Although new to the UK audience, Detective Cain is on its seventh series in its native France, where’s it’s a hugely popular show (where it goes under the name of Caïn). It stars Bruno Debrandt in the lead role, who many will recognise as Commissioner Brémont from the fabulous (and far darker) series, Spiral.
If you want to avoid spoilers for Detective Cain, stop reading this article now.
Debrandt plays Detective Fred Cain, a wheelchair-bound cop who, to my eyes, bears an uncanny resemblance to the late, great Lewis Collins of Professionals fame. Cain is based in the beautiful surroundings of the south of France – Marseilles, to be precise. He is partnered alongside Lucie (played by Julie Delarme). Their relationship is both professional and (probably) personal. There’s a spark between the two that is akin to Brennan and Booth in US series Bones.
Each episode is a stand-alone story, which means you can jump in and out without having to worry too much about watching each episode in order. The first show in this series revolves around a retired cop, Allard, who has terminal cancer. Dead bodies are turning up in the morgue and the connection between them is that they were all suspects in unsolved cases that Allard had investigated. He’s brought in to help with the cases, but questions are soon raised about his involvement with the killings themselves. Is he there to help the investigation, or is his interest more personal?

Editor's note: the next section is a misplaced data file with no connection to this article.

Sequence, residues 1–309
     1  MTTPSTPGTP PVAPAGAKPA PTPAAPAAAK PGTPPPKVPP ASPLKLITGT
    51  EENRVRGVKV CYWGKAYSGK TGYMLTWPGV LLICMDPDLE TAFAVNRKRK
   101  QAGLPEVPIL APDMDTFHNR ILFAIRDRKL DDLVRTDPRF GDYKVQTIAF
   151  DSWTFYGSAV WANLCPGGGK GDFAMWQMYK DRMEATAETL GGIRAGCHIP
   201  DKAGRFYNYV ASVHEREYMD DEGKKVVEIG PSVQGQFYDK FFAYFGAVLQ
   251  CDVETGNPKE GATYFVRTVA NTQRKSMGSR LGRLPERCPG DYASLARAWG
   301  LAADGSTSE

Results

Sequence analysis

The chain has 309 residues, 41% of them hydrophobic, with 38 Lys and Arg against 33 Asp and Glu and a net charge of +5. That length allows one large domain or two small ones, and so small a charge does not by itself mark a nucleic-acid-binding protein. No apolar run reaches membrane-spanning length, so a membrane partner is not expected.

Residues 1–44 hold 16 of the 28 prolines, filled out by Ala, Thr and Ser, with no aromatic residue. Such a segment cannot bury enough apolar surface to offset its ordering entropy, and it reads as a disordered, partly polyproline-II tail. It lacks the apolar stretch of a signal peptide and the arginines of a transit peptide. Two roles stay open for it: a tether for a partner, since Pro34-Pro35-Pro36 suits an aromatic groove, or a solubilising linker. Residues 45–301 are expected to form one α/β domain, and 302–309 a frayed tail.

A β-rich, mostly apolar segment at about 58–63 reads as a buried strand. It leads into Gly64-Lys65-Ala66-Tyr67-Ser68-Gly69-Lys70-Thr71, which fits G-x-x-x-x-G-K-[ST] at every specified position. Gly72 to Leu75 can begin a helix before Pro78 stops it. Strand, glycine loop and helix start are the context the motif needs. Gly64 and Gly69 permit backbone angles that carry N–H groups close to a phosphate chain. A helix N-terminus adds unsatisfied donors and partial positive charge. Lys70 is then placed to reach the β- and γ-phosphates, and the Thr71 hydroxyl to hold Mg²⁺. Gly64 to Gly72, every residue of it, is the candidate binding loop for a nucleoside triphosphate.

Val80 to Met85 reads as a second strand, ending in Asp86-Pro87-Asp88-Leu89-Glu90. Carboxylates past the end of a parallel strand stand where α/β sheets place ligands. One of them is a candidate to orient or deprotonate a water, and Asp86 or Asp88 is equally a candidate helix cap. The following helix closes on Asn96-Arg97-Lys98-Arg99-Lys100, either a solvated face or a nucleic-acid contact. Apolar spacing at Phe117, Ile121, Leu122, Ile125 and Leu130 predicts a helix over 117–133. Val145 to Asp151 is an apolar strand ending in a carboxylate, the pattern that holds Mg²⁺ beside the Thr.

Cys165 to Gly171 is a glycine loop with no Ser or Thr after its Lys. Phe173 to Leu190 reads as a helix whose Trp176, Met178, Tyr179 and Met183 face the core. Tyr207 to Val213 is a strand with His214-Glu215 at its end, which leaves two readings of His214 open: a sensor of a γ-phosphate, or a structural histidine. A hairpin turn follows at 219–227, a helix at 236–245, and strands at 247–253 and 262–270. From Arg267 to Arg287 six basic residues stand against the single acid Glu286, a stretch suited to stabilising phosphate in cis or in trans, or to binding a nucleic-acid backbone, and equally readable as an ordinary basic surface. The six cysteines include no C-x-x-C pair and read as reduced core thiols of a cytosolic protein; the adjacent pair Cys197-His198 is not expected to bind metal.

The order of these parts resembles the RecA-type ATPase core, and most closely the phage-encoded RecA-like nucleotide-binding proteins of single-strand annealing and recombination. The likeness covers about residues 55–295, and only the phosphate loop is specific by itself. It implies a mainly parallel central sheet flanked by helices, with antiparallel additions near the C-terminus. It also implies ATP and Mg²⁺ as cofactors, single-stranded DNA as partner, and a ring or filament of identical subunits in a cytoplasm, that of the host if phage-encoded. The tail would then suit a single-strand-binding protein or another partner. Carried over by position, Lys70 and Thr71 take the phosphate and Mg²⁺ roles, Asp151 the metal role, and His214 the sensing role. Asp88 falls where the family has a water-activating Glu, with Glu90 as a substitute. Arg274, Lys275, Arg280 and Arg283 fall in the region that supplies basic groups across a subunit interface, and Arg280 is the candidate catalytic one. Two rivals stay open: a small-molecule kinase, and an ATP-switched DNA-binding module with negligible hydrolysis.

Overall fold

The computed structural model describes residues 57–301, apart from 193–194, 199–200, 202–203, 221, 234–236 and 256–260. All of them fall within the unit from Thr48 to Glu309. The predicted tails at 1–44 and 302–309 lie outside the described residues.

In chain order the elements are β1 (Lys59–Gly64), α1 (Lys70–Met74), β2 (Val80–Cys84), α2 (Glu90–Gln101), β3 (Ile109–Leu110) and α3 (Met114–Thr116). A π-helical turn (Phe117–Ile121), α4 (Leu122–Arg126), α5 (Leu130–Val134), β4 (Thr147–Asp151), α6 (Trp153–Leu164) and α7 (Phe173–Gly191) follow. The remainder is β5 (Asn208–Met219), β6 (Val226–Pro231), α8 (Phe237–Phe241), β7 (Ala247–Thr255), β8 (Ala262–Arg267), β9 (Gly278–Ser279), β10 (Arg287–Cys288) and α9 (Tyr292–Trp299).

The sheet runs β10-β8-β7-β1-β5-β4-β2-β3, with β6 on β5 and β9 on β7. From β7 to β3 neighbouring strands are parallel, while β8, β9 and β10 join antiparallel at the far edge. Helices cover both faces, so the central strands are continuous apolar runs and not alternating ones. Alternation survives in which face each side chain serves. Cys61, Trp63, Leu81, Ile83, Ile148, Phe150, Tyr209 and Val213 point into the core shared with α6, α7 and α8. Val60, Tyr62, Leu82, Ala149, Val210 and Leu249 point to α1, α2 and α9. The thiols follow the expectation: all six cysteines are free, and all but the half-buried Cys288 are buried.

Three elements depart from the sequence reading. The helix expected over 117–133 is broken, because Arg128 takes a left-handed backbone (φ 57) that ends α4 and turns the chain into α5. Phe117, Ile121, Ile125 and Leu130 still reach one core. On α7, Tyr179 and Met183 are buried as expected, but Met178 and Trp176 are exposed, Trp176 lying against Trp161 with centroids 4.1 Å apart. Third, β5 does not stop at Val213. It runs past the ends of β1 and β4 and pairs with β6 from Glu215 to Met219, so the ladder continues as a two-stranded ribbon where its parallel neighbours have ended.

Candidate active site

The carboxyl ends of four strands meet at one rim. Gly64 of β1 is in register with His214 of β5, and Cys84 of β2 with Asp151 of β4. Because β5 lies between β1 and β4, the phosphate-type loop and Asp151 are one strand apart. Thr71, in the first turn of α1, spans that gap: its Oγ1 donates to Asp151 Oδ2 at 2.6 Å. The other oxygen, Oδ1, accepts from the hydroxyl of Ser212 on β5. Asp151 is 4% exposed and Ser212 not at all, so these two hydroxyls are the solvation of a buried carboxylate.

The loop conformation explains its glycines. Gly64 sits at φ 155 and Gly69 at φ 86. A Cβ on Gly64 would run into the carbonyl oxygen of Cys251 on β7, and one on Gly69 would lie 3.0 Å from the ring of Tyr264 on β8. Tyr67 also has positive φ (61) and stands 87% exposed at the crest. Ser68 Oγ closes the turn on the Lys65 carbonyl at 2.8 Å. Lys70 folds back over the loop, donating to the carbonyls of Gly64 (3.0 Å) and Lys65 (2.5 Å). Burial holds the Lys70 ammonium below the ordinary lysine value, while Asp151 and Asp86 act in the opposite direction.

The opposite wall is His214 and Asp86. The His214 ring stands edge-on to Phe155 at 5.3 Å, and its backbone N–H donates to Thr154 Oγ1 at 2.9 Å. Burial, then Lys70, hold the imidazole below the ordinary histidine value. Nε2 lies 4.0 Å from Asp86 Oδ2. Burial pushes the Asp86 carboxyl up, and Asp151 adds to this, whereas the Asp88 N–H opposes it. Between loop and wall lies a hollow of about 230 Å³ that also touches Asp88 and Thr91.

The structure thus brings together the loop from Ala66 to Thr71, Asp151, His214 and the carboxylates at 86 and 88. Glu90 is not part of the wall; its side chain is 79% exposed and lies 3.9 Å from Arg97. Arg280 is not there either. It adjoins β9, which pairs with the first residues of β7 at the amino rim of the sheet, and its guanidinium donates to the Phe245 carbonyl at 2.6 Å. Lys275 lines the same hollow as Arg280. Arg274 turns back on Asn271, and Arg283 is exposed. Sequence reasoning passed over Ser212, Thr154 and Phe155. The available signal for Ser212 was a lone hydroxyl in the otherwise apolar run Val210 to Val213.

This is relatively lightweight show – very American in style – that is lovely to watch, thanks in large part to the lovely Marseilles backdrop that looks remarkably like California at times. The lead actors are attractive and their characters easy to like, if a little shallow. There isn’t a huge amount of in-depth characterization here, to be honest. All we know about Cain himself outside of the motorcycling accident that caused his disability is that he has a son who seems to be punching above his weight with a beautiful and wealthy girlfriend. There is clearly a side story here regarding Cain’s relationship with his son, particularly after he meets the girlfriend at a somewhat frosty lunch.
As you can gather, this is an easy watch. It looks great on screen, it’s well-acted and nicely written. But it’s not Spiral – not by a long chalk! Don’t expect to be challenged by anything profoundly thought-provoking. But that’s fine – it’s fun, witty and an engaging watch and there’s nothing wrong with that!
Walter Presents continue to find enjoyable foreign programming for us to enjoy, and Detective Cain is a worthy addition to the roster.
Walter Presents: Detective Cain is available in full from Walter Presents on All 4 from today (6th September).